A popular day trip option from Tokyo, Nikkō is located in the northwestern part of Tochigi prefecture. Travelers are drawn to this region in particular for its mountainous range, Nantai, which is set ablaze with color during spring’s foliage bloom. Hikers will be inspired by the number of pathways waiting to be explored, including Nikkō National Park, which includes Shiobara Valley’s deep river gorge and woodlands, and the lush Nasu Heisei-no-Mori Forest Trail. 

Nikkō is also home to some of Japan’s most magnificent shrines and temples, many UNESCO World Heritage site shrines and temples, including the carvings of sleeping cats and elephants at Toshogu Shrine and the lanterns of Futarasan-jinja Shrine.

My check-in at The Ritz Carlton, Nikko also came with a number of wellness and nearby excursions, including stargazing and rafting on nearby Lake Chuzenji. In the winter, guests can even try snow cycling and snowshoe hiking. In the mornings, meditation in their garden is an inspiring way to set the intention for the day. 

How to get there: The Shinkansen is the most efficient way to get to Nikko, and the ride takes just under two hours. 


Though I’ve yet to visit Hokkaido, Japan’s northernmost island has remained on my travel wish list for years now—so much so that I even have an itinerary. I’ll start in the capital city of Sapporo, known around the world for its beer. Also known for seasonal events that include an annual Snow Festival in the winter and blooming cherry blossoms at Maruyama Park in the spring, you’ll be entertained no matter what time of year you visit.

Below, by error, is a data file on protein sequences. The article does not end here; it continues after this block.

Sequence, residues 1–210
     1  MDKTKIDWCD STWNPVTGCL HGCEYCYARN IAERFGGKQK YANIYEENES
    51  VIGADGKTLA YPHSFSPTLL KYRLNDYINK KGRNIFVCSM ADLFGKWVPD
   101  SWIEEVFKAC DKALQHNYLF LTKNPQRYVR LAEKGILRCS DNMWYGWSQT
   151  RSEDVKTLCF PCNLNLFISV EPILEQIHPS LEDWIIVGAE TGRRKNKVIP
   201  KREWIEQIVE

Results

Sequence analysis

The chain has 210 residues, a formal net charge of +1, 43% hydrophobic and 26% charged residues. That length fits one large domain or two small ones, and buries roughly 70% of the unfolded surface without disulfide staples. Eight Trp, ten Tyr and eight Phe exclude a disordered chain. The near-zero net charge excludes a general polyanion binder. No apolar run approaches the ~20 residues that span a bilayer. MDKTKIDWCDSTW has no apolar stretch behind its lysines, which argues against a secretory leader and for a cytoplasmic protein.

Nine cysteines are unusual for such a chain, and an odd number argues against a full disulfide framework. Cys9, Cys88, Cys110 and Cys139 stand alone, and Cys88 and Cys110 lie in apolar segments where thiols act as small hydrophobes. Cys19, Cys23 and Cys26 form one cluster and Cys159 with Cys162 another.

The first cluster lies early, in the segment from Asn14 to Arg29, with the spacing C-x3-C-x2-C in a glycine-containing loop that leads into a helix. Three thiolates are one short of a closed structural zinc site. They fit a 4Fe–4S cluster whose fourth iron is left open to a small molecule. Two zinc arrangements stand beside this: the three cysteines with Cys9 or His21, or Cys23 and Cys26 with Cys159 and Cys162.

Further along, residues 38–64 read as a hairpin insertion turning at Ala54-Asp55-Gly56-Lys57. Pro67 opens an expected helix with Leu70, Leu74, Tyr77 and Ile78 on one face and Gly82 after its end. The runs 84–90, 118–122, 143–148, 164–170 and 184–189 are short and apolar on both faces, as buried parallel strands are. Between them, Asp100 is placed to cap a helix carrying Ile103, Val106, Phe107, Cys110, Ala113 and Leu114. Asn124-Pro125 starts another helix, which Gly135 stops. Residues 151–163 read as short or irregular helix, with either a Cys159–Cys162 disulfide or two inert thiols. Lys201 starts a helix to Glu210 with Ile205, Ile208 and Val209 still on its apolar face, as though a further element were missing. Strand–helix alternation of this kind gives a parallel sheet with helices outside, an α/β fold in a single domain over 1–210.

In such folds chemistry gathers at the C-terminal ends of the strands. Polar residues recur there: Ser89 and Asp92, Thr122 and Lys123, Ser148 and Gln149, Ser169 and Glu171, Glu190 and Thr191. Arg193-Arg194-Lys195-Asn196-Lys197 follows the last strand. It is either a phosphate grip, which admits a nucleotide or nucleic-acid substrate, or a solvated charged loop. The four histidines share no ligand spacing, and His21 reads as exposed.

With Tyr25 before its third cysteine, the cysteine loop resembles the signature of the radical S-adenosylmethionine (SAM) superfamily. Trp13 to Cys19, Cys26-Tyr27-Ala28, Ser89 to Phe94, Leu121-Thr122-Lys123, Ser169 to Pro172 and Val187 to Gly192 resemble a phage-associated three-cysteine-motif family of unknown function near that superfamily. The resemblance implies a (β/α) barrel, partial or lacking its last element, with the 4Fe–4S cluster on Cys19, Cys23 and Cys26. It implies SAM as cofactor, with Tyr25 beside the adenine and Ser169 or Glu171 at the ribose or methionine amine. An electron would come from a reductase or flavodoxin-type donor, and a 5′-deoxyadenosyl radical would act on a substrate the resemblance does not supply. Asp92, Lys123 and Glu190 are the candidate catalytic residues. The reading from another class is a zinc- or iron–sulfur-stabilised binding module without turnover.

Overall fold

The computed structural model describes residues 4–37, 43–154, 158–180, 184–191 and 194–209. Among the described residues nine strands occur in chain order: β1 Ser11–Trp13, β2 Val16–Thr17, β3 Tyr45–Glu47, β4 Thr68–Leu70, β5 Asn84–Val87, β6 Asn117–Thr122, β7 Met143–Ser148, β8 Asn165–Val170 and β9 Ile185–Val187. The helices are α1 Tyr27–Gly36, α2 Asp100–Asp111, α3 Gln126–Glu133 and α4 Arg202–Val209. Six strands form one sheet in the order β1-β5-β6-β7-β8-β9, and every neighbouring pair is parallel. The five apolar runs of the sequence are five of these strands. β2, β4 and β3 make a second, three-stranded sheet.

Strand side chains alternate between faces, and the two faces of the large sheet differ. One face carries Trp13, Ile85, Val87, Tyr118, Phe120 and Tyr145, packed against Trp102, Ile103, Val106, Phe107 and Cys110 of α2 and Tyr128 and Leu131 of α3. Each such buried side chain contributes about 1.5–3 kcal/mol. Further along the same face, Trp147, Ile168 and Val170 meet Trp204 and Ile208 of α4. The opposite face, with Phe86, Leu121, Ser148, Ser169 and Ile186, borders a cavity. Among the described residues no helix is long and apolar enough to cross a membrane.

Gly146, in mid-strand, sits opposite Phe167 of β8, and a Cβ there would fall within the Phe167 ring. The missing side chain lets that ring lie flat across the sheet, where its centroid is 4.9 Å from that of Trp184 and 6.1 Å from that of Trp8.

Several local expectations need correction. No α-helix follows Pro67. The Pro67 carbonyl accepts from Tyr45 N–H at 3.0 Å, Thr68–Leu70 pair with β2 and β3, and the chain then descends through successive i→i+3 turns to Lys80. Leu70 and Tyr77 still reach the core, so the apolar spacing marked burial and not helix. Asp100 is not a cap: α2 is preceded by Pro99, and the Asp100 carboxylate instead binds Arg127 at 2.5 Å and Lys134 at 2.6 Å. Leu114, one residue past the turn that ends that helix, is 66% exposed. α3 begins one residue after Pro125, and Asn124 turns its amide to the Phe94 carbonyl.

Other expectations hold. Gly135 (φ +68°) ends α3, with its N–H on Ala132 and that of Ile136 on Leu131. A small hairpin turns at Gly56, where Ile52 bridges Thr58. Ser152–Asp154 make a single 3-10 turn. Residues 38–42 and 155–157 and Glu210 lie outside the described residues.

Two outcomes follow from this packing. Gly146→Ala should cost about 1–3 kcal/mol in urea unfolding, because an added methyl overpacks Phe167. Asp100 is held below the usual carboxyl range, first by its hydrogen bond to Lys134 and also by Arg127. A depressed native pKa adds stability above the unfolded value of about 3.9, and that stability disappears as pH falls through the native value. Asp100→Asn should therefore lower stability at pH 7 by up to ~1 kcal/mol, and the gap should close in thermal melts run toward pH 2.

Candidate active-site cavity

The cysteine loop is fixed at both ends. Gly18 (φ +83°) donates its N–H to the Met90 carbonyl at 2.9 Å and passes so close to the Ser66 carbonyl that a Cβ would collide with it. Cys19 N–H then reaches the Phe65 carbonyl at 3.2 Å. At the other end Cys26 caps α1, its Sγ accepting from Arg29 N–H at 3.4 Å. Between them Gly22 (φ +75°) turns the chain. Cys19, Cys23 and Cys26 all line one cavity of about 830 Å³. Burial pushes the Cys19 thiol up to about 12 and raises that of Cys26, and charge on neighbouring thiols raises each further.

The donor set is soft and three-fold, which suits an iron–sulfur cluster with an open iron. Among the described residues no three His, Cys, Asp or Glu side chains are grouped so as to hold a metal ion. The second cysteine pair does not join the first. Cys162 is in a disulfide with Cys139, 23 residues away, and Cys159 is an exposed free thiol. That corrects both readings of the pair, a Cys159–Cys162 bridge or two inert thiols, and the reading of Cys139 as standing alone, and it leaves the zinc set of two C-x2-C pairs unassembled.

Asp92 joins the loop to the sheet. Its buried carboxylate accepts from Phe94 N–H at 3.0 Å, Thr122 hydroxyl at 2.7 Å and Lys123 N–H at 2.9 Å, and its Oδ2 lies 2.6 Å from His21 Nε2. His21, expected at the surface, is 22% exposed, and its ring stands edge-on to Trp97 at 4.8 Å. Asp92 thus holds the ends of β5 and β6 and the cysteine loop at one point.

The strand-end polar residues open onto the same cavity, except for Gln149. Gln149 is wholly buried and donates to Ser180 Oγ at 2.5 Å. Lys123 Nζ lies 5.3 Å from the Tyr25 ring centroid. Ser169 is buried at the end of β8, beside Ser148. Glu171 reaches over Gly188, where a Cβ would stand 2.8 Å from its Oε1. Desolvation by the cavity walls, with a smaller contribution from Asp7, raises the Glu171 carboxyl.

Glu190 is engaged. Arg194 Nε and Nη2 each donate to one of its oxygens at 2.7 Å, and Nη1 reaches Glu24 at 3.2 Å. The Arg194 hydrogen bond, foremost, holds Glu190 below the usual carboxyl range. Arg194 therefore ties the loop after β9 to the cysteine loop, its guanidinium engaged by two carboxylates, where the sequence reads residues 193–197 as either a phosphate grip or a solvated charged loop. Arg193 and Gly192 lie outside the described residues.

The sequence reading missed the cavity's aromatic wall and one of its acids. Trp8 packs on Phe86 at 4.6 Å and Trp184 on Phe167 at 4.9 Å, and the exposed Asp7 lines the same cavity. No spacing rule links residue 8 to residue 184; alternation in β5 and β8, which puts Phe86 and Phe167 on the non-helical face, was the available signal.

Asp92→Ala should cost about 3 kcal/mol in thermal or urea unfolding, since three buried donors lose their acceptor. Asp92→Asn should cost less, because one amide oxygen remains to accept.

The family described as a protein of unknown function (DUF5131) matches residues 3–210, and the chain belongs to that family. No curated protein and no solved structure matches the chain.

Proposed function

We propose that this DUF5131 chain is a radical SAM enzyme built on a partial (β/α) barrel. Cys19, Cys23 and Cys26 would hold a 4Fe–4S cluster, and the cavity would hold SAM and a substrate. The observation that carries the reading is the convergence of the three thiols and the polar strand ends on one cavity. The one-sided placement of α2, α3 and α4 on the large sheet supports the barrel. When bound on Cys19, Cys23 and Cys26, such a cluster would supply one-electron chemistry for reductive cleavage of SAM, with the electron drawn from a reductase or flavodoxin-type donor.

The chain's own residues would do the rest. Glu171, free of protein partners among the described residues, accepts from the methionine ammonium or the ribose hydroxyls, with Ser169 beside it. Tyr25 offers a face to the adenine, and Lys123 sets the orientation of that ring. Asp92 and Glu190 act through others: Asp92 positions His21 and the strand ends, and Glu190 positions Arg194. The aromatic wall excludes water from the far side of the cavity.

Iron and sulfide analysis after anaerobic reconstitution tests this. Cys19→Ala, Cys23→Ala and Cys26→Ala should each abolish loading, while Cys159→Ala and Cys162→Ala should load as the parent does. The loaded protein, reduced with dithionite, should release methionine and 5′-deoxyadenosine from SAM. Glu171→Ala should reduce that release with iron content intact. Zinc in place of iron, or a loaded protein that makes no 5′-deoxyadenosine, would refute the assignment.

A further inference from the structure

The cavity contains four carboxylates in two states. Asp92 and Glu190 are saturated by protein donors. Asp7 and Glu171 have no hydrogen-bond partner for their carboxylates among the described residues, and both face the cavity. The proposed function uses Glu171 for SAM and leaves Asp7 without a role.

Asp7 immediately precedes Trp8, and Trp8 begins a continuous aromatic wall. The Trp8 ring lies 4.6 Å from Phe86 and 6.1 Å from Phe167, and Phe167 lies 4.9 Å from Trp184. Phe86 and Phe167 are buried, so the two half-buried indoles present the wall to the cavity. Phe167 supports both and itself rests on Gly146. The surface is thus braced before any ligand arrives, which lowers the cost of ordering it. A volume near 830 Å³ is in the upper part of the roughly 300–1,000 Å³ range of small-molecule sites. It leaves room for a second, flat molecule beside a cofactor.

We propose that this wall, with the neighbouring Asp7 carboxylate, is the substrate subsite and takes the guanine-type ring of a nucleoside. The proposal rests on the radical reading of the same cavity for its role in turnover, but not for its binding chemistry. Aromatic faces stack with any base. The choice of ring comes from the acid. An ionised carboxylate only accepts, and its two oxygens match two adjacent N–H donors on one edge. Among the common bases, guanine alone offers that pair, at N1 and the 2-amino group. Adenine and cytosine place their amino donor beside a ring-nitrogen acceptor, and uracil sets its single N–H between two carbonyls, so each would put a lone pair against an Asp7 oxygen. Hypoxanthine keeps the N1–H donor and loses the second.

And then there’s the food. Hokkaido is the birthplace of three different types of ramen, including the butter and sweet corn Sapporo variation. Curry soup is also very popular, as well as Hokkaido milk—the star ingredient that gives a velvety flavor to the region’s ice cream. 

About two hours from Sapporo, Shiguchi hotel in Niseko is an architectural stunner that consists of a collection of farmhouses in a forested haven. Minimalist rooms feature a private onsen, and an on-site library and impressive art collection give guests plenty of opportunity to unwind and be inspired. 

As one of the most popular ski areas in the world, Niseko is also home to five properties—including the luxurious Higashiyama Niseko Village, a Ritz-Carlton Reserve—as well as ski trails with access to 2,191 acres of skiable terrain, 70 runs and 29 lifts and gondolas. A private members club called Mandala also recently launched in the village. 

For other areas to consider, day trips people often take in Hokkaido include Furano, known for its rolling fields of lavender, and Otaru, a harbor city that offers fresh sushi and a beautifully preserved canal area. 

How to get there: The most picturesque option to Hokkaido will be the Shinkansen. From Tokyo, the journey takes around four and a half hours. If you’d prefer to get there quicker, a flight is just one and a half hours to Sapporo from Tokyo.

Photo by Sean Pavone/Shutterstock.com